Rachel Dobkin, Staff Writer |
Trigger warning: Anxiety
The National Alliance on Mental Illness (NAMI) held its second meeting of the spring semester on Feb. 18 on the topic of anxiety. NAMI is a Student Association (SA) recognized club on campus that aims to raise mental health awareness and end the stigma surrounding mental illness.
The NAMI president, Alice Brennan, started the meeting off with a presentation on anxiety. Anxiety is the most common mental health issue in the United States (18.1%), but only 36.8% of those affected seek treatment. Treatment includes therapy, medication, and relaxation techniques.
There are many types of anxiety including general anxiety disorder (G.A.D.), social anxiety disorder, panic disorder, phobias, agoraphobia, selective mutism, obsessive-compulsive disorder (O.C.D.), and post-traumatic stress disorder (P.T.S.D.).
Symptoms of anxiety can be physical like a pounding or racing heart and shortness of breath, can also be emotional like feelings of apprehension or dread.
Two major symptoms of anxiety are panic and anxiety attacks, but it’s often hard to distinguish the difference in our culture. The major difference is that panic attacks are sudden and extreme, while anxiety attacks build up over time.
After a discussion amongst club members, Brennan touched on why it is important to talk about mental health. She said, “To help get the word out there. Throughout middle school and high school, I practically knew nothing about mental health.” She went on to say, “To just help let people know that they are not alone and make it more normalized. Mental health should be something talked about freely.”
Rastislav Demcak, a member of NAMI, expressed his views on how students balance mental health and schoolwork. He said, “We prioritize our work, and we neglect helping ourselves mentally and physically.”
Demcak says the school should “continue advocating telehealth” because it is “a lot more convenient for the students to have access to mental health counseling.”
Telehealth is a way to distribute counseling via online services. The SUNY Oneonta Health Center offers this service to their students. Another way that the college promotes mental health is through their new Personal Wellness Days.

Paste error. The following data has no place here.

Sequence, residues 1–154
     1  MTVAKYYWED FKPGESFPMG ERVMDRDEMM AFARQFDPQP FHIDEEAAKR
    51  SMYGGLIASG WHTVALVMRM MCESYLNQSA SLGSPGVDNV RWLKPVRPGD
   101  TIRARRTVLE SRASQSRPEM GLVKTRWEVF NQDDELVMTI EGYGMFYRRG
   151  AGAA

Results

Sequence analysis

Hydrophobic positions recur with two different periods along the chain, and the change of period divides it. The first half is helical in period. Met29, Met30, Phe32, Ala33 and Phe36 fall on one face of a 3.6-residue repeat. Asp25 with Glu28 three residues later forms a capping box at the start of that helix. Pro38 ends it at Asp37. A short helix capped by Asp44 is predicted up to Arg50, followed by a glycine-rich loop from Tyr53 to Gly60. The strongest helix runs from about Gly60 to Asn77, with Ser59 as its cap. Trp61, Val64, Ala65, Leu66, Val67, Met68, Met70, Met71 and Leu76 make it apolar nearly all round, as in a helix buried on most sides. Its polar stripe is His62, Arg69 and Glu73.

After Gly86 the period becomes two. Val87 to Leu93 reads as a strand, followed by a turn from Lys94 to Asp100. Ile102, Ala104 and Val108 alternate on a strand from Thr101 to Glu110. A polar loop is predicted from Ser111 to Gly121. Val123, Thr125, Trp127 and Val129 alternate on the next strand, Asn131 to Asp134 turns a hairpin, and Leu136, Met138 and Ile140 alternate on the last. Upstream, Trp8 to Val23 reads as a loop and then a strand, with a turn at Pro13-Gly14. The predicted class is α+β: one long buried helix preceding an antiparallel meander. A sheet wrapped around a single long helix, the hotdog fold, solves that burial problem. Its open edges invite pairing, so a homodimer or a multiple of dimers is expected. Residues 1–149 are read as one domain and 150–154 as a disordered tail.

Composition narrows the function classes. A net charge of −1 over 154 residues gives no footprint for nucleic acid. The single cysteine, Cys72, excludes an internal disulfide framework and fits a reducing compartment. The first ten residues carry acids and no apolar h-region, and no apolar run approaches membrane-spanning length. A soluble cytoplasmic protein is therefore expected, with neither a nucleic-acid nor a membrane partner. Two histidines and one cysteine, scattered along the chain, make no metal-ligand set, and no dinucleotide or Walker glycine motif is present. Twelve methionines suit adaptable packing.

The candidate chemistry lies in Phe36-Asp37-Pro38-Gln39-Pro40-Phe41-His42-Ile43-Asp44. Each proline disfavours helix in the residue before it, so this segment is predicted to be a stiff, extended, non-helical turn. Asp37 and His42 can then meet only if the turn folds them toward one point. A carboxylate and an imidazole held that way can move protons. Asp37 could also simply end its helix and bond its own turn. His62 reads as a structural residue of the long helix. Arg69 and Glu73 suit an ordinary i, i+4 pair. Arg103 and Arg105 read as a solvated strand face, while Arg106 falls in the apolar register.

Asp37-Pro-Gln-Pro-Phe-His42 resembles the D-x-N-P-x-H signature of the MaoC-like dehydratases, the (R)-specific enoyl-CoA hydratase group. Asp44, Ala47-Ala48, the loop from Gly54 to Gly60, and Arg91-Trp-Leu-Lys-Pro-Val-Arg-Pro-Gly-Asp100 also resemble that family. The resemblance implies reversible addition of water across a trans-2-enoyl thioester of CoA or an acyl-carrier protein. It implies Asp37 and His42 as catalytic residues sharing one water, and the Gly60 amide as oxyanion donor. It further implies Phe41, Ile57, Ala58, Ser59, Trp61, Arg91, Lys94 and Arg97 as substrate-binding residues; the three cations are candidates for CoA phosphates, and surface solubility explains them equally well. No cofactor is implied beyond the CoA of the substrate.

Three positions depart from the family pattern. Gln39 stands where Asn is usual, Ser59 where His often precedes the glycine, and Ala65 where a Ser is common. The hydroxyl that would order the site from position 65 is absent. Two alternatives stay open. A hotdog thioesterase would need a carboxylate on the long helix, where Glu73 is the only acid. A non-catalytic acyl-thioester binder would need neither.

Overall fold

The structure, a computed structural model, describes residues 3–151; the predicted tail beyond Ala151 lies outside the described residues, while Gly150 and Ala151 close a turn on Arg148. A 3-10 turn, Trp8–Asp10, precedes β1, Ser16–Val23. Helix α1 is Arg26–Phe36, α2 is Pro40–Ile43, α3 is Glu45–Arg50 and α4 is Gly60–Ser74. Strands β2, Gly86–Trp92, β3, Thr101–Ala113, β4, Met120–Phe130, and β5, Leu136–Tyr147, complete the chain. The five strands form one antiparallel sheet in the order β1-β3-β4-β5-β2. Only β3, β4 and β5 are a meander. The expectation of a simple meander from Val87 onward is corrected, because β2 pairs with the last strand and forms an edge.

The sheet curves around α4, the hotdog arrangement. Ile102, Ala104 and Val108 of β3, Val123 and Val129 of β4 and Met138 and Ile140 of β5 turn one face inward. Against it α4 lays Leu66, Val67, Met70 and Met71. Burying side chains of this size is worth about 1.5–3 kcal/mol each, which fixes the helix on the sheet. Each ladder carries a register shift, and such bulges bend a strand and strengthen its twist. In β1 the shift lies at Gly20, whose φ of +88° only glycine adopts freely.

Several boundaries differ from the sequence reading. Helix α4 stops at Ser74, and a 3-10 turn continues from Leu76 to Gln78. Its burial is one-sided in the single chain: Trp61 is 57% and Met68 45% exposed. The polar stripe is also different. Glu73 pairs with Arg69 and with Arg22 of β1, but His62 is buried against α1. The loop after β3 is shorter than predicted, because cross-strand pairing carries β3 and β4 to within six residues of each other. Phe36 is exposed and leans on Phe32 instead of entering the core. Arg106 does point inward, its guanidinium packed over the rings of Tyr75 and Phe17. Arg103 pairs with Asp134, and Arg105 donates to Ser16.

Students, however, have criticized the college’s decision to take away spring break and replace it with Personal Wellness Days. Demcak said, “I feel like where you place the Wellness Days depends on if people want to participate in their own wellness.”
Jennifer Le, Public Relations for NAMI, said, “I know they were trying to avoid long weekends, but I have tests and assignments due the next day.”
Students have found that the Wellness Days seem ineffective when they still have studying and homework to do for the following day. Aside from taking advantage of the Wellness Days and services of the Health Center, NAMI is also a great resource for students’ mental health.
James Bulger, Secretary of NAMI, encouraged students to join the club. He said, “Come pop into one of our meetings. I love the fact that it’s a national organization and there’s so many great people involved.”
NAMI will hold their next meeting on Mar. 4 on the topic of depression. If you would like to join in on this virtual meeting, you can find the link on Campus Connection under NAMI’s page.
Looking forward to the spring semester, NAMI will also be participating in one of their annual events, The Out of the Darkness (OOTD) walk. OOTD is an event sponsored by the American Foundation for Suicide Prevention (AFSP) to spread awareness for suicide prevention. This event will have to be virtual this year, but NAMI plans to join.
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